Right on track

As tenders are issued for the first phase of the UAE’s national rail network, The Big Project speaks to Etihad Rail CEO Richard Bowker about putting the country’s latest megaproject on track

As tenders are issued for the first phase of the UAE’s national rail network, The Big Project speaks to Etihad Rail CEO Richard Bowker about putting the country’s latest megaproject on track

Last month, Etihad Rail issued tenders for both the rolling stock and civil and track works for the first phase of the UAE’s newest infrastructure mega project.

A 1200km, mixed traffic network, requiring estimated total investment of US$10.9 billion (AED40 billion), the three-phase project not only signals another first for the UAE, but upon completion is planned to link the entire GCC.

More than 20 pre-qualified consortia received the tender release on March 1; comprising project design, procurement, construction, testing and commissioning.


Railway Facts

Cost Total investment is estimated around AED 40 billion (for the core national mixed traffic network).

Delivery Multiple phases with the first commercial service to start in 2013.

Length Network is estimated to extend up to 1,200 km.

Network Connects all the emirates, eventually linking the UAE to Saudi Arabia via Ghweifat in the west, and Oman via Al Ain in the east.

Energy The mixed traffic network will be operated by diesel trains, with provision for electrification in the future.

Speed Freight trains at speeds of up to 120 km/h; passenger trains up to 200 km/h;

Goods Will carry bulk freight (quarry products, steel, cement and sulphur etc.), and containers for general freight.


Construction of the Shah Habshan Ruwais line is due to begin this year, with Phase 1 due for completion in 2013.

The network will be predominantly double track; designed for mixed traffic and equipped with an in-cab European signalling system (ETCS level 2).

Completion of the UAE network will be phased, with freight trains carrying sulphur, steel and cement, by 2013 and passengers by 2017. The network will form a “vital” part of the planned GCC-wide railway, linking the UAE to Kuwait, Saudi Arabia, Bahrain, Qatar and Oman. In future, via the Saudi Arabia line it will also link to Europe and Asia.

Trains will run on Diesel, with “provision for electrification” in the future.

Etihad Rail say that, once complete, the network will “redefine logistics and transport in the region, providing as a safe, efficient, sustainable network that links all corners of the UAE, and eventually, the UAE to the wider GCC.”

All aboard

Reports over recent weeks have speculated that two Korean firms meeting bid qualifications are favoured to win a contract. Officials at the Dubai-based KOTRA Business Centre claim doubts have been raised regarding the safety of “cheap” Chinese contractors who have also placed bids.

The speculation has been fuelled in part by former Union chairman H.E. Hussain J. Al Nowais’s recent trips to Australia and Korea to “learn from best practice and experience in railway businesses from around the world”, according to reports.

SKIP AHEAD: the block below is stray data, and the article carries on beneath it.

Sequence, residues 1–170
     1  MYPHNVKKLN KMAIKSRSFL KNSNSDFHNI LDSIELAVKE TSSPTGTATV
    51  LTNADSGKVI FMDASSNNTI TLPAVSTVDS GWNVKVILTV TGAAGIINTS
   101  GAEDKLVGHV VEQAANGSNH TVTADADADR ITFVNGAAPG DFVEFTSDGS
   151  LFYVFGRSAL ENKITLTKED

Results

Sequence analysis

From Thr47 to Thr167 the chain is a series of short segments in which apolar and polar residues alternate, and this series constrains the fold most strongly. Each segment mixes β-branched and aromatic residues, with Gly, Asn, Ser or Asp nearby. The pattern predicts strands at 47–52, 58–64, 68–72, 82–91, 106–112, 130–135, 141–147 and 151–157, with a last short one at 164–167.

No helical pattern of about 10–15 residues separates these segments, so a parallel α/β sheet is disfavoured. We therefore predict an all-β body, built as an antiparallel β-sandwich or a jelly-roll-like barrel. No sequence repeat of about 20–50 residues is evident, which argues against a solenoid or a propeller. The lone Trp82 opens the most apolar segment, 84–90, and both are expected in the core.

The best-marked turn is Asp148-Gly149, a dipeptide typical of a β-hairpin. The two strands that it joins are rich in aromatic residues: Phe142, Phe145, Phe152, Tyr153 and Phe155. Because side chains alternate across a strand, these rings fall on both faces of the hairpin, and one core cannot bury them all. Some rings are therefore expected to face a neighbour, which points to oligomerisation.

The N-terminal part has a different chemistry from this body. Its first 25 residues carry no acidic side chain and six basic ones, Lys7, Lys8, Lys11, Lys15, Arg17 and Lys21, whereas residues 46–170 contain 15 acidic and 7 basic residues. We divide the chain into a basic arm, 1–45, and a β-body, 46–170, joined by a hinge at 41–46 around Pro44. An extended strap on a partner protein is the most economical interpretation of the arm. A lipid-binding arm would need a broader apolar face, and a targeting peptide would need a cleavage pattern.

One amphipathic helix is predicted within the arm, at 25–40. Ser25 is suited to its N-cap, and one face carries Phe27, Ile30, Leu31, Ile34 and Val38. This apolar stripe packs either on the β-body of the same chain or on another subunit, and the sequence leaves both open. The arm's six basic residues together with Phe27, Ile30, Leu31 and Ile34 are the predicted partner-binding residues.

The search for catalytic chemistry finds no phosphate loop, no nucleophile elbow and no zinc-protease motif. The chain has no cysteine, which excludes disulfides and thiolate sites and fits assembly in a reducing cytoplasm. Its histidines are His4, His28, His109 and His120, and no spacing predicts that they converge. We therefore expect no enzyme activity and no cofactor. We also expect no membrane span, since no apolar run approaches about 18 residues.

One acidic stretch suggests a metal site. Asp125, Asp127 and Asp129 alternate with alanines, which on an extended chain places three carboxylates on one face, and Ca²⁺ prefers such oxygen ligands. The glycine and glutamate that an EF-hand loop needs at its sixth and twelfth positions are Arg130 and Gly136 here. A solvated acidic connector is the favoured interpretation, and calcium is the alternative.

Asserting that Etihad receives a “very high level of interest” for every Expression of Interest issued, CEO Richard Bowker, says: “Companies showing interest come from all over the world. The technology will not be based on that of one single country.

“Best practices from various countries will be referred to in order to match the functions of the network.

“For instance, the signalling will be based on the latest European Systems and the heavy freight trains are likely to reflect the designs and operation principles for North America and Australia,” he adds.

Development and operation




The Kingdom is spending an estimated US $25 billion on an additional 3900km of track for three major projects.


Part of the Friendship bridge plans, to link Bahrain and Qatar, the state was said to be studying plans for a 184km, $8 billion network.


Expected to be completed in 2017, Oman’s 500km network will connect ports, airports and freezones, with further plans for a passenger network and metro.


Plans for a network costing $11 billion include a metro system in Kuwait City and a 245km link between national ports and seaports; Iraq and Saudi Arabia.


Infrastructure upgrades announced in 2010 included a $3.5 billion, 2500km railway between the country’s border with Saudi Arabia and the coast.


Commenting on the pace of the project Bowker says: “Etihad Rail was formed in 2009, by mid-2011 we are going to start on the physical construction of the Shah Habshan Ruwais line. Considering the level of details and infrastructure over the 1200km network, this pace is tremendous.”

The former chief of British transport group National Express, Bowker has also worked for London Underground and Sir Richard Branson’s Virgin Rail; at one point holding the position of group commercial director responsibile for transport. He was awarded a CBE by HM Queen Elizabeth in 2005, for services to the railway industry.

In 2009 Bowker was appointed CEO of Etihad Rail, formerly Union Rail, a company created by the Federal Government of the UAE to realise plans set out by Abu Dhabi’s ministry of economy in 2006.

Etihad has a mandate to manage the development, construction and operation of the UAE’s national railway.

“The UAE is a country which has grown at a rapid rate,” Bowker says when asked how the UAE has achieved exponential growth without a nation-wide transport network.

“Solutions that were appropriate at the time need to be enhanced to form a modern network, taking into consideration the environment and predicted rate of rapid development.”

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